STI571: Targeting BCR-ABL as therapy for CML
Leukemia, Myelogenous, Chronic, BCR-ABL Positive
Protein Kinase Inhibitors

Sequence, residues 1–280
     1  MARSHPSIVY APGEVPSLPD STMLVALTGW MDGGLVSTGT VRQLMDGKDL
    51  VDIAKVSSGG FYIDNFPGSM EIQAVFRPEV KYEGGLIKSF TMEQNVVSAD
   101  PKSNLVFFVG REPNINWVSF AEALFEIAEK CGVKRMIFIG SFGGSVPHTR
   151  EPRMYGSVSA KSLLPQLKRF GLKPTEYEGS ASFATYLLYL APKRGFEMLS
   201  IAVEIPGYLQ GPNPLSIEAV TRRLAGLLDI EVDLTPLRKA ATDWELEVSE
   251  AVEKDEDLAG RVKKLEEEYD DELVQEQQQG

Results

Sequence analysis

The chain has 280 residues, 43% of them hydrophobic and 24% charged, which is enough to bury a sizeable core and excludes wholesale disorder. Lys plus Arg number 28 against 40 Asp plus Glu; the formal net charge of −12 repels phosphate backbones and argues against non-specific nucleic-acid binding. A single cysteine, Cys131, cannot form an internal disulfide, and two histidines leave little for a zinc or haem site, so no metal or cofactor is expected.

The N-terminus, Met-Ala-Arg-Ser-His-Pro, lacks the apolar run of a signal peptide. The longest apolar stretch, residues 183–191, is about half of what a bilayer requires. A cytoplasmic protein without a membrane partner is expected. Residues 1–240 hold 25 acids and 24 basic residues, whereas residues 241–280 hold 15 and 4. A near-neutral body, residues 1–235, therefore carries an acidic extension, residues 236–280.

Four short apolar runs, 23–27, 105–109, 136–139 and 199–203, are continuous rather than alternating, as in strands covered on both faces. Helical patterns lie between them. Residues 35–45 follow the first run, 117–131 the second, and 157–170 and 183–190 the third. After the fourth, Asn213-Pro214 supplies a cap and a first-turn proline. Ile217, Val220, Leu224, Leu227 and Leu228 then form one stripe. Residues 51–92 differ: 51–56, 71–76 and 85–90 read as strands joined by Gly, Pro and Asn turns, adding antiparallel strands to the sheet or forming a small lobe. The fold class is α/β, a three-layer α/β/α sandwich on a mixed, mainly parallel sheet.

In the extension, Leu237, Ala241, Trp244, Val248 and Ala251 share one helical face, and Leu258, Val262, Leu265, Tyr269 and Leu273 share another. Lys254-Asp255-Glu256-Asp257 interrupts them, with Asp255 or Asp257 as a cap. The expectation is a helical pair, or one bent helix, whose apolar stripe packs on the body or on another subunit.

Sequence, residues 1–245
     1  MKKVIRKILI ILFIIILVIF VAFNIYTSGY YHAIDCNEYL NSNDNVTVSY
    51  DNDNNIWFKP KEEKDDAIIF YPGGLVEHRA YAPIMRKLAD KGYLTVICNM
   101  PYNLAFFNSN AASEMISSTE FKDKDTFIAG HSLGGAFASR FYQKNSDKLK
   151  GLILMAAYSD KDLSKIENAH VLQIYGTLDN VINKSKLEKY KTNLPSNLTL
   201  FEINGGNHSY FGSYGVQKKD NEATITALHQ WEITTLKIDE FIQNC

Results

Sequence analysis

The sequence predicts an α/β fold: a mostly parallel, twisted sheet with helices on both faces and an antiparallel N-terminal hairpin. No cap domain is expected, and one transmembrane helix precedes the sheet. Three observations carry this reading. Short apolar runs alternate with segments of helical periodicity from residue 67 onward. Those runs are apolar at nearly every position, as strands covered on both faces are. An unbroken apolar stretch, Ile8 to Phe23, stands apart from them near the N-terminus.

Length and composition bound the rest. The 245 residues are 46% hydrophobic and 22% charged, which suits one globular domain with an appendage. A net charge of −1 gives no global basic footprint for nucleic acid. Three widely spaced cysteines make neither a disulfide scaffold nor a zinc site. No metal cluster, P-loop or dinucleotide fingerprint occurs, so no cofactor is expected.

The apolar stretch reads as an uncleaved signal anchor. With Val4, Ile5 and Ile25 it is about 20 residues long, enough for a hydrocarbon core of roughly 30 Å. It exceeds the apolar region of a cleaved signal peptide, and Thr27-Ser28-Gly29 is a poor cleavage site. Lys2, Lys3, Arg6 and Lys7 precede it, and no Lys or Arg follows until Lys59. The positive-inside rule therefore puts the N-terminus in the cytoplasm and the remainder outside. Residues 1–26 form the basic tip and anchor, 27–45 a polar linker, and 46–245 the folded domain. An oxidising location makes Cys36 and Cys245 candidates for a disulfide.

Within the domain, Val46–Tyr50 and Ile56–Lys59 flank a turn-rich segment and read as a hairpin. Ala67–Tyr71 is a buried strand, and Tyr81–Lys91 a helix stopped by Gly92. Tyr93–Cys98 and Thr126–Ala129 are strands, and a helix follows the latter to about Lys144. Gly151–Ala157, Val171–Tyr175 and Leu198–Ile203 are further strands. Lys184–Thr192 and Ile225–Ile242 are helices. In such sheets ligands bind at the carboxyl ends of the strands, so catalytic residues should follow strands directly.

Therapeutic agent STI571 (signal transduction inhibitor number 571) is a rationally developed, potent, and selective inhibitor for abl tyrosine kinases, including bcr-abl, as well c-kit and the platelet-derived growth factor receptor tyrosine kinases. Results of clinical trials to date have demonstrated the crucial role of the bcr-abl tyrosine kinase in chronic myelogenous leukemia (CML) pathogenesis and the potential of anticancer agents designed to target specific molecular abnormalities in human cancer. An initial phase I study of STI571 included 83 Ph(+) CML patients who had failed interferon-based therapy. Patients were required to be in chronic phase, defined liberally as less than 15% blasts in blood or bone marrow. Patients were treated with once-daily oral doses of STI571 in 14 successive dose cohorts ranging from 25-1,000 mg. In this phase I study, no dose-limiting toxicity was encountered and toxicity at all dose levels was minimal. The threshold for a maximally effective dose was found at 300 mg; for patients treated at or above this level, complete hematologic response was seen in 98% of patients, with complete cytogenetic responses in 13% and major cytogenetic responses in 31%. With a median duration of follow-up of 310 days, ongoing responses are evident in 96% of patients. In the phase II study of the accelerated phase of CML, 233 patients were treated with either 400 or 600 mg of STI571. With similar follow-up to the chronic phase trial, 91% of patients showed a hematological response; 63% of patients achieved a complete hematological response but not all patients had recovery of peripheral blood counts. In addition to the phase II clinical trials with STI571, a phase III trial randomizing newly diagnosed patients to either interferon with low-dose s.c. cytosine arabinoside versus STI571 is ongoing; this trial accrued rapidly and data collection is ongoing. Integration of STI571 into CML treatment algorithms will require long-term follow-up data from the ongoing phase II and III clinical studies.